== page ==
A Realtor from a Xenia office recently commented that there had only been one deck in the last two years that we had not thrown the book at. Thinking about that statement I realized he was probably correct.
Unfortunately most of the decks we inspect, even professionally built decks are badly constructed and potentially dangerous.
Ledger boards which attach the deck to the house structure must be secured to the interior framing with bolts which must be in a zig zag pattern. It may not be attached to a brick (veneer) on the outside of the house. The bolts cannot be less than two inches from the top or bottom of the board. There can be no siding between the board and the structure, There must be flashing over the top of the ledger to prevent water getting behind the board and causing wood rot (the main reason for deck failures).
Beams are one of the biggest issues we see all the time. Beams that are undersized for the potential load pose a serious threat to any deck. The longer the span the bigger the beam needs to be. Beams should always be larger than the joists. Beams must be bolted to the posts with at least two bolts. Nails or screws are not considered structural and are not permitted because it is too easy for them to pull out of the wood under load. Boards incorrectly sandwiched together.
Joists must not be undersized for the span (length) and correctly spaced. Joist hangers must match the size of the joist it is supporting. The joist hangers must have a nail in every applicable hole and are more often than not attached with the incorrect fastener which can pose a very serious safety issue.
Posts must be a minimum of 4’x6″ and preferably 6’x6″, smaller 4″x4″ posts are not permitted for deck building. If there is any potential for sway in the deck (the end of the deck is not against a structure) then there must be a form of sway control to prevent lateral load movement. These may be big ‘X’s” bolted between the posts. Posts should be notched to take the weight of the beam.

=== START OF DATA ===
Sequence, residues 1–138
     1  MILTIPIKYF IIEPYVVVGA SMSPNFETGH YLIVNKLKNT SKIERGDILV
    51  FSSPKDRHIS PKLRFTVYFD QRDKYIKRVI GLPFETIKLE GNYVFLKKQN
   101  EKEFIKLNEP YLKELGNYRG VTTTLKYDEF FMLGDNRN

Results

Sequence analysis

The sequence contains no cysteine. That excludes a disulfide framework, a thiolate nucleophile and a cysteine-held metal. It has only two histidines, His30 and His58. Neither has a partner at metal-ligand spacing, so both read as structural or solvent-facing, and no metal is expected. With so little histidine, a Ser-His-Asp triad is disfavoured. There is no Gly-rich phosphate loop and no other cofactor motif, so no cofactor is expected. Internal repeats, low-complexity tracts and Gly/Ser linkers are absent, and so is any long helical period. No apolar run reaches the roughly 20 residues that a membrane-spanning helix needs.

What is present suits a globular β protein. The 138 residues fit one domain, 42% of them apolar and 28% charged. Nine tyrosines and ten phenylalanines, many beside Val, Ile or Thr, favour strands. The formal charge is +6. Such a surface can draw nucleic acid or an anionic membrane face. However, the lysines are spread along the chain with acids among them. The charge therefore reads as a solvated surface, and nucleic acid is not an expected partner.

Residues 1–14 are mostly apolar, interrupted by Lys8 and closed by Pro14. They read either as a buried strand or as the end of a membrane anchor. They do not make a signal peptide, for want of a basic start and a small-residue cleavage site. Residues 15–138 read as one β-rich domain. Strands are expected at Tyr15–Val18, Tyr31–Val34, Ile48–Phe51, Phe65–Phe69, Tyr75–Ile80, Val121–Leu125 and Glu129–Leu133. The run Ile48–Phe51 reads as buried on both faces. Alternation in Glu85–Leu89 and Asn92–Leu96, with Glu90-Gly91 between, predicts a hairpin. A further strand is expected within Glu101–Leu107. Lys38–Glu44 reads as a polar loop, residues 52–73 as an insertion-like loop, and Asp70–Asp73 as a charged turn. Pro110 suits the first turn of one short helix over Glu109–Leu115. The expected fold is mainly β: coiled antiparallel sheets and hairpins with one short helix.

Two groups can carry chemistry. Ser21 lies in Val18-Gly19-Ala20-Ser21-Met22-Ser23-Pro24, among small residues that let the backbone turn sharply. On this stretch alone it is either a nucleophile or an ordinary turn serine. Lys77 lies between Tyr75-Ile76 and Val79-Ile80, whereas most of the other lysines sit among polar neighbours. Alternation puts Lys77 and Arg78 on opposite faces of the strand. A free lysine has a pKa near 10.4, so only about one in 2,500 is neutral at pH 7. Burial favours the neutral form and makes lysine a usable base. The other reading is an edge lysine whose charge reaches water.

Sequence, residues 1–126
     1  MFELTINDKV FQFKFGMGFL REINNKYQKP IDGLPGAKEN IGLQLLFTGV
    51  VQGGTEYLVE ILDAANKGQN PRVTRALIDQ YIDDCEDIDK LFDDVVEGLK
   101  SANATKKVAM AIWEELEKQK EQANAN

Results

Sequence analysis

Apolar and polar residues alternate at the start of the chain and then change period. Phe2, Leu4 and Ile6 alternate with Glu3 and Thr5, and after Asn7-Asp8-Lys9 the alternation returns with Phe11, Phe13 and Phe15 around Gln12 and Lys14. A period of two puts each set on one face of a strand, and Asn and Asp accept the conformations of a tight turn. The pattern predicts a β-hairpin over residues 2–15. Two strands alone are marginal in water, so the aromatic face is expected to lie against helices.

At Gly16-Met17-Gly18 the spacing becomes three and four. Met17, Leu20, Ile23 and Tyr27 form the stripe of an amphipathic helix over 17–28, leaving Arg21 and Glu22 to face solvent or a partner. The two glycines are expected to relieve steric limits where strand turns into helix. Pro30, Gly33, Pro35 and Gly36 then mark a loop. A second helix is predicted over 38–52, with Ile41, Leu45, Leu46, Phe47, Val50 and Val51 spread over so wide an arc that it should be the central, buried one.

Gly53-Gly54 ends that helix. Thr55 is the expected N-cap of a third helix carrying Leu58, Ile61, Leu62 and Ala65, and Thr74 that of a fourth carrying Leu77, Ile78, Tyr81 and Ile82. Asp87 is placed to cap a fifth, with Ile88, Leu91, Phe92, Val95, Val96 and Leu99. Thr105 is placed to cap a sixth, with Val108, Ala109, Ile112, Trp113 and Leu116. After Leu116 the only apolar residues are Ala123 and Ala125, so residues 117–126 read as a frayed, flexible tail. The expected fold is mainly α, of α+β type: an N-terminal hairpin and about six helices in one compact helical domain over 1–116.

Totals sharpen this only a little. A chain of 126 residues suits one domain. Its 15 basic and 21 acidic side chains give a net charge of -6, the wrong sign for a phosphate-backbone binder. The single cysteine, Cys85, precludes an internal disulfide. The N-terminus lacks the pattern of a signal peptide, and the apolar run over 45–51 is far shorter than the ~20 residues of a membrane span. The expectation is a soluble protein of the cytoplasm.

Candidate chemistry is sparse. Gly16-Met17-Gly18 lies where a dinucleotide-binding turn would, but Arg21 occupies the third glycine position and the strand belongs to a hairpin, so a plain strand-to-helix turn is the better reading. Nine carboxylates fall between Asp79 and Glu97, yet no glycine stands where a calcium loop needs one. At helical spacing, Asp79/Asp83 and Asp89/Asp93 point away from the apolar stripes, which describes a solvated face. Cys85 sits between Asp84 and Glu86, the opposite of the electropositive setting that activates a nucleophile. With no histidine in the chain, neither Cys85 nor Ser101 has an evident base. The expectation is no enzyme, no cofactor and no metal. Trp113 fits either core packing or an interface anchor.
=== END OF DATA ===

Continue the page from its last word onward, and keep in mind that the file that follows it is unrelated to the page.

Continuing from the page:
Stairs have so many potential issues. One being supported by dropped headers that are inadequate is unfortunately very common and very dangerous, due to the potential for a collapse. Step heights not been consistent or the correct height, handrails that installed and are graspable. Landings that are secured with nails rather than bolts.
Flooring on older decks is often rotten and can give away when a chair leg goes through it. Boards should be screwed not nailed, boards should be installed crown up (the grain at the cut end of the board should hump up in the center) to prevent bowing which could cause a trip hazard.
Railings must be installed on any deck that is thirty inches above grade, 4×4 posts may not be notched to secure them. Must be at least thirty six inches high. Picket spacing and spacing between railing and floor are all critical.
NOTE: This is not the complete list of problems we inspect for
While not always required by code in our area, the posts should be notched to take the weight.